(God has chosen you… And you… And you… And me.)
Amos and all the prophets, Peter and Andrew, James and John and each of the Twelve as well as Barnabas and Paul, Mathias and Stephen the first martyr and you and I, all of us called by God according to God’s plan.
God’s plan, how often different from ours.
Amos was content to mind his own flocks and his orchards. This was a far cry from God’s plan for him to speak out against injustice and calling for the conversion of the people of the Northern Kingdom of Israel.
Amos is just one of many prophets who must have responded to God and asked, “why me?” Yet, once chosen they not only preach God’s word, but are filled with God’s passion for justice and righteousness.
The Twelve were fishermen and farmers, tax collectors and ordinary folks like you and me. Yet, they were chosen and called by Jesus. In in today’s gospel, he sends them out with recognition that they were going to be fighting against evil as they spread the good news of the freedom of the Kingdom of God.
The Twelve went out with nothing more than a companion, the clothes on their backs and the passion of Jesus in their hearts. Mark tells us that they preached “repentance,” that is in Greek, metanoia, meaning a change of heart and soul, mind and understanding, a message that invites people to believe in God’s Kingdom, God’s alternative to the reality that they experience around them.
What they are sent to preach, is the message that had caught them in Jesus’ net in the first place and the only thing they really had to offer the people they were going to meet. It was that message that chased away the demons and evil one’s conviction that nothing can change.
The healings the apostles performed, like those Jesus worked, where the signs of that different reality, signs of what the Kingdom of God is like and proof that it is possible.
The stores of Amos and the twelve whom Jesus sent out are stories of people who are captivated. They were people who allowed themselves to be chosen and changed into more than they ever thought they could be.
For that to happen, they had to be willing to leave their sycamores, sheep and seashore. They had to allow their hearts to be vulnerable to the touch of God who offers endless possibilities.
Today’s selection from the letter to the Ephesians is one long prayer of thanks to God for having chosen us to participate in Christ’s life and the hope Christ brings. This reading fits between the stories of Amos and the sending of the apostles as a reminder to us that we share their call.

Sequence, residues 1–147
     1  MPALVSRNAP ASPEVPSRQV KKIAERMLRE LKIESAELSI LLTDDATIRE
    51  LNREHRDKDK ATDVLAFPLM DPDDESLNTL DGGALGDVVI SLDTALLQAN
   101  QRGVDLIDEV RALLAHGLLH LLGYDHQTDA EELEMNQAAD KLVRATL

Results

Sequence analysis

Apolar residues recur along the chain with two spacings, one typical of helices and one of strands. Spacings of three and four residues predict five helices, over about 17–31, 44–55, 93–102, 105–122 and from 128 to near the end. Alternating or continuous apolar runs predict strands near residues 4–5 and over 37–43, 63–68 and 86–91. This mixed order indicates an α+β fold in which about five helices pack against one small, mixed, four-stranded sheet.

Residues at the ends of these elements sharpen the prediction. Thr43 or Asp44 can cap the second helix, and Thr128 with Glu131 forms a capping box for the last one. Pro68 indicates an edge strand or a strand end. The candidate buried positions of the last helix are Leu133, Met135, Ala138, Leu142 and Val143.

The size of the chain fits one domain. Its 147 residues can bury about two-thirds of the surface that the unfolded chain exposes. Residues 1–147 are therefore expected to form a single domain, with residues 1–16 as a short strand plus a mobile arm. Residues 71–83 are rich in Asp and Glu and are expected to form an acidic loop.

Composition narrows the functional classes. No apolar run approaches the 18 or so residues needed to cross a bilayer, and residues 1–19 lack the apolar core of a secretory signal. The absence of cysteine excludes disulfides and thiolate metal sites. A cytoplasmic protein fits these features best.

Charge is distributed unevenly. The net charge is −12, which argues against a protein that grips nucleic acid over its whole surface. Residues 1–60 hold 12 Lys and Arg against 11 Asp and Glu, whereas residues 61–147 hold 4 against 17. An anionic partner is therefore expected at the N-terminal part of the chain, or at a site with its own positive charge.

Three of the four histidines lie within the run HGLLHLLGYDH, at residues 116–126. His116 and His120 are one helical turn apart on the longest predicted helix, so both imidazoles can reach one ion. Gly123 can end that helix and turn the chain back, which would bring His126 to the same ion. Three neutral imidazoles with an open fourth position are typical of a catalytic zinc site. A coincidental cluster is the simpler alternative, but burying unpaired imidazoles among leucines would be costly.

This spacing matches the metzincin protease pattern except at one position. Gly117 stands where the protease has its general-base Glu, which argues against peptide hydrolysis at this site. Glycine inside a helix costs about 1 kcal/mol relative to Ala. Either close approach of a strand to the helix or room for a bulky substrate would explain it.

Maybe the hardest mystery for us to believe is that, as St. Paul says, “God has chosen us in Christ to be holy.”
Let me repeat that: may be the hardest mystery for us to believe is that “God has chosen us in Christ to be holy.”
God, the creator of the universe, the infinite one without beginning or end has chosen you, and you, and you and me to be holy, to be like God’s very self in Christ his only begotten son, the Alpha and the Omega. Maybe this reality is too overwhelming for us to truly realize on this warm Sunday morning.
Yet, this is the deepest of realities, the reality we celebrate every time we come to Mass where heaven and earth meet.
Listen once again to these words to the Ephesians:
“Blessed be the God and Father of our Lord Jesus Christ, who has a blessed us in Christ with every spiritual blessing in the heavens, and chose us in him, before the foundation of the world, to be holy.
“In love, God destined us for adoption to himself through Jesus Christ, in accord with the favor of his will, for the praise of the glory of his grace that God granted us in the beloved.
“In Christ, we have redemption by his blood, for the forgiveness of transgressions, in accord with the riches of his grace that God lavished upon us.”
In accordance to God’s plan, God has chosen us in Christ. God has called us in Christ. God blesses us in Christ. God sends us in Christ to bless others with this good news just as we have been blessed.
God wants us to bless our spouse with this call to holiness, to help our spouse become a saint and get to heaven.
God wants us to bless our children and their families with this call to holiness, by being a household of prayer, reading sacred Scripture, praying for one another and blessing one another rather than bickering and fighting and being absorbed in the screen of our phone, our tablet, our computer and our TV.
God wants us to bless our neighbors and our coworkers and our fellow students with this call to holiness by praying for them and sharing the gift of our faith with them.
God wants us to bless our nation by being prophets like Amos in calling out injustice in our immigration laws and enforcement, unjust tax burdens on the poor, accumulation of massive fortunes for a few and minimal benefits for the many.
On this warm Sunday morning in July, God longs for us to be overwhelmed by his love for us and his call to us to share that love with others.
God longs for us to be prophets of his word of eternal life.
God longs for us to be a people of passion for God’s kingdom.
God longs for us to drive out the demons of hatred and judgment, discrimination and oppression, secularism and relativism and to know and live the Truth of Jesus and the freedom of the call to holiness in Christ Jesus our Lord.